The Coalition Against Israeli Apartheid (CAIA) and Women in Solidarity with Palestine (WSP) are protesting the Royal Ontario Museum’s (ROM) presentation of “Words that Changed the World”, featuring the Dead Sea Scrolls that have been illegally removed from occupied Palestinian territory.

Since Israel’s occupation of the West Bank and Gaza Strip in 1967, millions of artifacts have been systematically removed, looted and excavated from Palestinian territory, endangering Palestinian cultural and archaeological heritage. Under international law and in accordance with Israel’s obligations as a signatory to the 1954 United Nations Educational, Scientific and Cultural Organization (UNESCO) convention and protocol for the “Protection of Cultural Property in the Event of Armed Conflict”, Israel is not entitled to these artifacts. The repatriation of the Scrolls and millions of other artifacts to Palestine remains a key issue for those seeking peace and justice in the Middle East. By exhibiting the Dead Sea Scrolls, the ROM is complicit in the theft of Palestine’s cultural heritage, and has failed to comply with international law and its ethical obligations. Representatives from the Palestinian community and other organizations have attempted dialogue with the ROM, but none of the concerns have been addressed. The ROM has refused to make public the documents it claims prove the legality of the exhibit. It has also refused to seek a UNESCO opinion on the matter. The objective of CAIA and WSP is to raise awareness about the injustice and illegality of this display of the Dead Sea Scrolls. The groups have put forth two demands, which are as follows: demanding the ROM recognize the Scrolls are looted Palestinian artifacts and that the ROM dissociate itself from the Israeli Antiquities Authority, which has systematically looted millions of Palestinian artifacts. Pickets at the ROM are ongoing to keep pressure on the ROM and to continue to inform the public about the theft of the Dead Sea Scrolls. For more information, visit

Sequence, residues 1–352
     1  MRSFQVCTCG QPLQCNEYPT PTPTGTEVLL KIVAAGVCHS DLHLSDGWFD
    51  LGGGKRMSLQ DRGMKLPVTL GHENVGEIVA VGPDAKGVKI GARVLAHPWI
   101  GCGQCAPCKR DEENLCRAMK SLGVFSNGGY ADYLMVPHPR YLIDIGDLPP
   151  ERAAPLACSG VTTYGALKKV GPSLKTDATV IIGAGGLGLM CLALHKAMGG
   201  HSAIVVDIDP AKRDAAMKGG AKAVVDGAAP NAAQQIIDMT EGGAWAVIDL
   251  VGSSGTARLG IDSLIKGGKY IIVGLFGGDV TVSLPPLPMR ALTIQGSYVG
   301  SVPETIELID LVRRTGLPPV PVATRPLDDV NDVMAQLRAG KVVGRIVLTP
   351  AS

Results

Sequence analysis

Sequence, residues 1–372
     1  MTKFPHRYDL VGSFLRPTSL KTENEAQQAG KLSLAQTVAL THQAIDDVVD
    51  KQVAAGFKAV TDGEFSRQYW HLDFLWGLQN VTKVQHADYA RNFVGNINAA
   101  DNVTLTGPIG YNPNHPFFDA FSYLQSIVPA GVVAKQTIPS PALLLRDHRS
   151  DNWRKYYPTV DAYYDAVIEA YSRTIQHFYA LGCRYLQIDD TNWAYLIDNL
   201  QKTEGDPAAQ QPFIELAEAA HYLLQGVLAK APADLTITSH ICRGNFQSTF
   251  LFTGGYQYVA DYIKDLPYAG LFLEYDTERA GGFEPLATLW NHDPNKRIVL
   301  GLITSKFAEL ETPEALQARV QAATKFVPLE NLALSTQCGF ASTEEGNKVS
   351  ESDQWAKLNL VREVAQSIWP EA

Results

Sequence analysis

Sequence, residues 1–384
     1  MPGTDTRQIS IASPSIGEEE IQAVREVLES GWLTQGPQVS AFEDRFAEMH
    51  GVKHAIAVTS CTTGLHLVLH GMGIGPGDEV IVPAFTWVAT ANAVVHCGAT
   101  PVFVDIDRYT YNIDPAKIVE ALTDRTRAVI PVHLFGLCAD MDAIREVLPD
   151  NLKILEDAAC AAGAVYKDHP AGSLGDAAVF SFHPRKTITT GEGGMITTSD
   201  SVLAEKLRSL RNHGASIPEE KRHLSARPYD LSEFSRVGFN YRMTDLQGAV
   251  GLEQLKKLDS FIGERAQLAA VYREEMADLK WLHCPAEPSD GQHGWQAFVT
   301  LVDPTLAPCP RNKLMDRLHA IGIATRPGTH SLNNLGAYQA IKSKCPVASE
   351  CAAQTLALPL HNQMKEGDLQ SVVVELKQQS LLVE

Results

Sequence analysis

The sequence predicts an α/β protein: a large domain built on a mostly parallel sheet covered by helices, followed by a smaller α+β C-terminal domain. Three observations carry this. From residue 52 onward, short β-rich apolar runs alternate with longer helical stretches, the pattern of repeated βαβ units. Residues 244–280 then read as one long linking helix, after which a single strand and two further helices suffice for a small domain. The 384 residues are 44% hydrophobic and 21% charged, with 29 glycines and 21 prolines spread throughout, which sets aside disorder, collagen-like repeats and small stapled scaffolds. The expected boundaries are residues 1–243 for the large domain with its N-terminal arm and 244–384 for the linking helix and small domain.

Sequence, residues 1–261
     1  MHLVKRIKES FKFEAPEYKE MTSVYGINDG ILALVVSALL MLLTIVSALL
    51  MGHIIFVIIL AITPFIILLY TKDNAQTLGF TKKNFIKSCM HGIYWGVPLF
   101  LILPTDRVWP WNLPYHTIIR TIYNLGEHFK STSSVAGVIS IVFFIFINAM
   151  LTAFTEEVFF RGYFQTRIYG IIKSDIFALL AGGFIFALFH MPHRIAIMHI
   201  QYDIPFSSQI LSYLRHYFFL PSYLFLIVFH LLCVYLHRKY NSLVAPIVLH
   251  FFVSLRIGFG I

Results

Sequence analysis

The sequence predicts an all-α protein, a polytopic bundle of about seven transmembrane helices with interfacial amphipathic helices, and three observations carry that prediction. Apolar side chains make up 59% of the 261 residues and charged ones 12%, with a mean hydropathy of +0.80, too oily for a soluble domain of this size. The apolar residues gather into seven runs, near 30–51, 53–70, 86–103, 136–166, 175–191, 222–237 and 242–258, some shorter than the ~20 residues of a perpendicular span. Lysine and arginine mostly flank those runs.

Join the International Socialists Mail: P.O. Box 339, Station E, Toronto, ON M6H 4E3 E-mail: / Tel: 416.972.6391

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August 2009 Socialist Worker 11

Unemployment hits 11-year high

No ‘recovery’ in sight for workers by p.r. wright On July 23, Mark Carney, governor of the Bank of Canada, declared the recession is over. The markets responded with rises on the stock market and an increase in the Canadian dollar.

For those who have lost their jobs and cannot collect EI; for those on EI who are within weeks of running out; for those struggling in temporary, part-time and precarious work; for students who can’t find a summer job to help pay tuition fees—all the Bank’s assurances must seem like a cruel joke. So what is the real picture of Canada’s economy? According to the Bank, there has been a revival in Canada’s domestic demand as a result of “stimulative monetary and fiscal policies, improved financial conditions, firmer commodity prices and a rebound in business and consumer confidence”. The Bank also believes that foreign demand will increase, based on a very optimistic assessment of the US, Japanese, and Chinese economies and a slightly less optimistic assessment of Europe.